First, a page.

For large condominium projects…sometimes called planned unit developments (PUDs)…there are two phases to the common area landscaping…the installation toward the end of the building construction and the maintenance phase after the homebuyers move-in and occupy the project.

It is sometimes better to give the contract for landscaping and maintenance to the same company.  The installer of the landscaping material can then safeguard the warranty aspects of the landscaping during the first months of the planting by controlling watering, fertilizing, etc.

If any plants or trees die during this period, at least the builder is not caught in the middle between the original landscape contractor and the landscape maintenance contractor.  If the homeowner’s association wants a cheaper landscape maintenance company later, the original ground cover and other plantings have had time to fill-in completely…thus offering the opportunity for a final landscape walkthrough and clean break from one company to another.

A second issue to consider in the landscape maintenance contract is that the amount of work…and therefore the cost…varies depending upon the length of time after the initial planting.  Landscape maintenance costs are different for the first month, sixth month, and twelfth after planting…because of the different requirements for trimming, plant removal, fertilizing, weeding, disease control, and repair of irrigation.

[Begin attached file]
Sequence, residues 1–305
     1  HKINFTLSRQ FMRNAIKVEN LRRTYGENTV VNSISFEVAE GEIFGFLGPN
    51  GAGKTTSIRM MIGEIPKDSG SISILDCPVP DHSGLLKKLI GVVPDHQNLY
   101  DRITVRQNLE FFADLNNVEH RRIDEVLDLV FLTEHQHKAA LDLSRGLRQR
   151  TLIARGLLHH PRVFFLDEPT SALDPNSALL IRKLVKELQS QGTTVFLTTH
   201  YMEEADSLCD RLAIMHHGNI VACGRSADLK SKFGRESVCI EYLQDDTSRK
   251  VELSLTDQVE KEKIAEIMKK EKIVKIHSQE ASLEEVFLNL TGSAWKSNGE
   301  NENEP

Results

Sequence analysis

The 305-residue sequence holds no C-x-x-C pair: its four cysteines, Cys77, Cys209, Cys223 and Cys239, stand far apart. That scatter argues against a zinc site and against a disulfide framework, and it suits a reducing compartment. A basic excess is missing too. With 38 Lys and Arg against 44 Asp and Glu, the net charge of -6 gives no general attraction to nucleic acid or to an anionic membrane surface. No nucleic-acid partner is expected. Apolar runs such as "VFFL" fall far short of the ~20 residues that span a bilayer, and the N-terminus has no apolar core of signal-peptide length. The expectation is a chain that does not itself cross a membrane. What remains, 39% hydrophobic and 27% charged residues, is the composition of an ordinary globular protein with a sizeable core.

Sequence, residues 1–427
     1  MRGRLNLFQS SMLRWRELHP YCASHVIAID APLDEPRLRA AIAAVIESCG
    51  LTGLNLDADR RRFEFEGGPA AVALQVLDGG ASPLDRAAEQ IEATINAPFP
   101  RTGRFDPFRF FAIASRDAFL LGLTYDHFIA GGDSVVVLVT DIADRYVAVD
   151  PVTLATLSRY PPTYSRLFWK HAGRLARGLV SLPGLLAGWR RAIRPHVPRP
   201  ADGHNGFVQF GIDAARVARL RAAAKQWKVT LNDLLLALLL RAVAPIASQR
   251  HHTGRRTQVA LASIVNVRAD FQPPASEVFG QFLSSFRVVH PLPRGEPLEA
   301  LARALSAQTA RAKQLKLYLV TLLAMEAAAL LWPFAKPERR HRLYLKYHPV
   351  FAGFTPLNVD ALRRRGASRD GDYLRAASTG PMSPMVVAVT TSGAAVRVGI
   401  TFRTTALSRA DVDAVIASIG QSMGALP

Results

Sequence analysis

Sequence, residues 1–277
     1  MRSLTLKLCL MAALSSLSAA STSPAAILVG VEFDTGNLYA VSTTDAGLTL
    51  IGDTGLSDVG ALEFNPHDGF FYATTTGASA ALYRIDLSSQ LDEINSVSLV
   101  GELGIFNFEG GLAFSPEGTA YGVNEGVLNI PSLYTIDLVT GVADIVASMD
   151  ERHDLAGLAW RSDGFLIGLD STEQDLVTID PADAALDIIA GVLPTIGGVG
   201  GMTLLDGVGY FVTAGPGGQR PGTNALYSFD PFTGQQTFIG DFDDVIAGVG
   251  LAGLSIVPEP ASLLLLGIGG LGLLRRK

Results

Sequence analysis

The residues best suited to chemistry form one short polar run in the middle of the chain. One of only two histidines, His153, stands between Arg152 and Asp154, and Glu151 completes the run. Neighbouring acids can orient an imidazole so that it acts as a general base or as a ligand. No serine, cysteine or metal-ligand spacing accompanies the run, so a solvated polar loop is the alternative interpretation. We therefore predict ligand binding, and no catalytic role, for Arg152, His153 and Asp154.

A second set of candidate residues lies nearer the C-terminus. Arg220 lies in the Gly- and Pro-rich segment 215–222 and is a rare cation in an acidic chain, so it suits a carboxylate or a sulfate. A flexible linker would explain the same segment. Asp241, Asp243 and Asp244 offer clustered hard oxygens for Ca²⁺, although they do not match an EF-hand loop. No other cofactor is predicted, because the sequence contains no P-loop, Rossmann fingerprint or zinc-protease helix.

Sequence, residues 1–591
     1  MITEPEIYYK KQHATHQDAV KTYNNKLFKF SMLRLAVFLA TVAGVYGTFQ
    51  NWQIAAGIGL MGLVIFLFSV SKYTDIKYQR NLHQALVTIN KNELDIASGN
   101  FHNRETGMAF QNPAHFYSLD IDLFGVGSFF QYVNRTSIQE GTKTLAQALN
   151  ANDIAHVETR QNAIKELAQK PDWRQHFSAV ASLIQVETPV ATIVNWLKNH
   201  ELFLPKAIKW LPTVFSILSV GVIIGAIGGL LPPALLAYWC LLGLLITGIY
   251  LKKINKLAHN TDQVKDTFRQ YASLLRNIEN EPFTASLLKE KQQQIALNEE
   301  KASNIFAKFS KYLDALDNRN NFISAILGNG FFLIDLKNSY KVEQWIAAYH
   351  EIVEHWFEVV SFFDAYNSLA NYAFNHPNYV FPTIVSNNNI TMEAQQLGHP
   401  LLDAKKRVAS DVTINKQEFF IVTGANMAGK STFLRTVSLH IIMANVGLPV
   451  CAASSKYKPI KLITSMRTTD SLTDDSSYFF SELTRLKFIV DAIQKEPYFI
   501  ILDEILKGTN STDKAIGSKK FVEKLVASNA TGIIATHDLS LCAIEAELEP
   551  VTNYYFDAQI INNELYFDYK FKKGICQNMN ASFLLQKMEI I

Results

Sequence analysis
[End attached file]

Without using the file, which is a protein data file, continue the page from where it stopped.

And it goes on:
The builder must study the requirements for each type of plant and tree to determine the amount of work being purchased in the maintenance contract.

What sometimes happens in a landscape maintenance contract is that the builder is enticed by a low-ball, minimum cut-and-trim contract bid…with such things as tree trimming, disease control, plant removal, and fertilizing billed as extras to the contract.  This type of contract can create problems for the builder and the homeowner’s association…as no cap exists on landscape maintenance costs in this type of arrangement.

A better method is to research the planting and maintenance requirements for each type of plant or tree in a standard gardening manual…and then formulate a maintenance contract scope of work section with the help of the landscape architect (or include this task in the landscape architect’s scope of work).

The builder can then spell out the landscape maintenance requirements in detail for the project…so that landscaping contractors are bidding apples-to-apples…instead of hiding certain maintenance costs as extras.